Assisting the transition from workfare to work : a randomized experiment
Randomly sampled workfare participants in a welfare-dependent region of Argentina were given a voucher that entitled an employer to a sizable wage subsidy. A second sample also received the option of skill training, while a third sample formed the control group. The authors analyze the effects of this scheme on participants'employment and income, using double-difference and instrumental-variables methods to dealwith potential experimental biases, including selective compliance with the randomized assignment. The authors find that compared with the control group, voucher recipients had a significantly higher probability of employment, though their current incomes were no higher. The impact was largely confined to women and younger workers. Labor supply effects appear to have been important. However, training had no significant impact. The experiment was cost-effective in reducing the government's welfare spending, since take-up of the subsidy by employers was low.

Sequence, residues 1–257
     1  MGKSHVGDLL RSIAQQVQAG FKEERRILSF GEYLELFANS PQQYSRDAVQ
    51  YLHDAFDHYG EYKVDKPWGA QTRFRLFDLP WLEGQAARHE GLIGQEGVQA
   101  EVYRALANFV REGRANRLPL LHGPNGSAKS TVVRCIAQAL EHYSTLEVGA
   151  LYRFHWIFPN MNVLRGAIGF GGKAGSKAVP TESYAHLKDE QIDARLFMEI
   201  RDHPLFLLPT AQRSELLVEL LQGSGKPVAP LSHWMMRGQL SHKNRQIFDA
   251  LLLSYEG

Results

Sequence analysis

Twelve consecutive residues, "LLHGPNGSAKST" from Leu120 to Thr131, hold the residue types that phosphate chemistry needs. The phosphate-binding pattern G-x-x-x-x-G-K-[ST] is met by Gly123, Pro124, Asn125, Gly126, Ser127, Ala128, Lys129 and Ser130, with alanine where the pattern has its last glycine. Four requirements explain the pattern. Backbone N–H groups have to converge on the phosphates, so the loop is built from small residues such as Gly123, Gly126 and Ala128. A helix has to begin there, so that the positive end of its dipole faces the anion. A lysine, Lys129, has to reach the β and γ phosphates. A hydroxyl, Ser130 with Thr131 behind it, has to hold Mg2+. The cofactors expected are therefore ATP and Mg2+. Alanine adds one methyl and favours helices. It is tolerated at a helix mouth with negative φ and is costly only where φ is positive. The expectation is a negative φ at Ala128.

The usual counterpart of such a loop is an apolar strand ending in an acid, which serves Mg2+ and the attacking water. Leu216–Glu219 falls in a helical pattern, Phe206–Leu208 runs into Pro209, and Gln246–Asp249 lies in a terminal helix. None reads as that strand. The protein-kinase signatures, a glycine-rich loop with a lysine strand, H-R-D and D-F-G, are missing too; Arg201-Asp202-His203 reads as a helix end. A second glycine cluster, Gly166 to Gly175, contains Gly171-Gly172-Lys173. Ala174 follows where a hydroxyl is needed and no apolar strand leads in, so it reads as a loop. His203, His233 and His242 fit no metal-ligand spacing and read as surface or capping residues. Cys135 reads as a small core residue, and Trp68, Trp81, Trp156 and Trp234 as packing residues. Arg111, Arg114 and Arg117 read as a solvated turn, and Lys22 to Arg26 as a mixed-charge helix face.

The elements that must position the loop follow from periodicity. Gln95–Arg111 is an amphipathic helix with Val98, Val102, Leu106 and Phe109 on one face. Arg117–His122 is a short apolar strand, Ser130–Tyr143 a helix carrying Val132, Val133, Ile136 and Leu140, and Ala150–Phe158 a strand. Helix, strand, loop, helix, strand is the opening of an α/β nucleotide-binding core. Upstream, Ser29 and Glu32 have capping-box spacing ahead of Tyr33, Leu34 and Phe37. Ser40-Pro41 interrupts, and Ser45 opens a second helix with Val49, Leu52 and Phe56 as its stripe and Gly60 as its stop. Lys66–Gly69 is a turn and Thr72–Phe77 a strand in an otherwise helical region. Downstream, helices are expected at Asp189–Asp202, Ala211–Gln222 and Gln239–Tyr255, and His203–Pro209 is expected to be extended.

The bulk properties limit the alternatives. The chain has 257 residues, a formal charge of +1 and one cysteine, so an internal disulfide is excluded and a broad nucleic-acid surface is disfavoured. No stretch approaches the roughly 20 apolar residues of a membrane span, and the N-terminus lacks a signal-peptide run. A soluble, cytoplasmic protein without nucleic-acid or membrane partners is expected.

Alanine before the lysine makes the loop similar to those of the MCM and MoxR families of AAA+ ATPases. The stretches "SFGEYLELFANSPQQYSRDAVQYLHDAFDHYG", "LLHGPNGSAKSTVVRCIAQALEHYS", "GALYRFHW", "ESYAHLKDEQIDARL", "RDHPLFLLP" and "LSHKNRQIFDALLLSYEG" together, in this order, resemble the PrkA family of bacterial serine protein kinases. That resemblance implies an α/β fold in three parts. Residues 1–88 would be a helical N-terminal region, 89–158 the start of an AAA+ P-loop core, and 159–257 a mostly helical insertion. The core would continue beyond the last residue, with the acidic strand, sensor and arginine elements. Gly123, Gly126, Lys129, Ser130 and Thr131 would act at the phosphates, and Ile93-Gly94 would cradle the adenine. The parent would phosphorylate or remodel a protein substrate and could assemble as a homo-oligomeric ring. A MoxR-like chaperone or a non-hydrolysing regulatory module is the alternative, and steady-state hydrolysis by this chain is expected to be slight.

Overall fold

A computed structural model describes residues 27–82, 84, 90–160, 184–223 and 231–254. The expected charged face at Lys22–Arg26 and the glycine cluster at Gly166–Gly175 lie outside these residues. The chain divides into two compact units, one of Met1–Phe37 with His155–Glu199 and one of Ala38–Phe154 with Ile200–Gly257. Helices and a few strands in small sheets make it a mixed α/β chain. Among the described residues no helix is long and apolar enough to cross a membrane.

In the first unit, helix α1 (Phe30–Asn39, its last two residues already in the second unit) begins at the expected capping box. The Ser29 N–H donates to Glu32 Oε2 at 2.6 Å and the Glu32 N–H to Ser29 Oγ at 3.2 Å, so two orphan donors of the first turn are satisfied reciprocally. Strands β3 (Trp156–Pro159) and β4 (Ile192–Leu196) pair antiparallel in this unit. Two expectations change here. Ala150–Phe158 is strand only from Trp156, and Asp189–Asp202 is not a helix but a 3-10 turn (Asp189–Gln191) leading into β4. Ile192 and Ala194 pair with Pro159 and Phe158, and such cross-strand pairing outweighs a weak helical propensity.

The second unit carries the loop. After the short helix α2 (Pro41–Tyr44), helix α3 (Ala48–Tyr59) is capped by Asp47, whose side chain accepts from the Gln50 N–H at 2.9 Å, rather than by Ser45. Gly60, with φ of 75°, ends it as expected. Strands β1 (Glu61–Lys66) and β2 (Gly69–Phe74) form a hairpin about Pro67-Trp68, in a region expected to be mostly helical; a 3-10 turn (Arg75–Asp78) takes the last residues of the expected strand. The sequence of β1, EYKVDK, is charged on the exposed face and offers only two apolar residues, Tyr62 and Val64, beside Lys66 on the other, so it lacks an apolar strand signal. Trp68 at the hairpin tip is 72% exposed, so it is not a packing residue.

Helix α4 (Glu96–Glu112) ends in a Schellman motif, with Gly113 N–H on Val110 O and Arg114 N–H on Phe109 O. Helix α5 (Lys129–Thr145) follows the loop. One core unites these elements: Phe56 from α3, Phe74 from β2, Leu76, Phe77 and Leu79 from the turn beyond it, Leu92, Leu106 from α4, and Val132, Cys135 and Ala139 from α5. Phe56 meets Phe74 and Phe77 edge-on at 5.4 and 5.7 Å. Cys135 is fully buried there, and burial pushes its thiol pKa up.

|Date of creation:||31 Dec 2001|
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- Dave M. O'Neill, 1982. "Employment Tax Credit Programs: The Effects of Socioeconomic Targeting Provisions," Journal of Human Resources, University of Wisconsin Press, vol. 17(3), pages 449-459. Full references (including those not matched with items on IDEAS)
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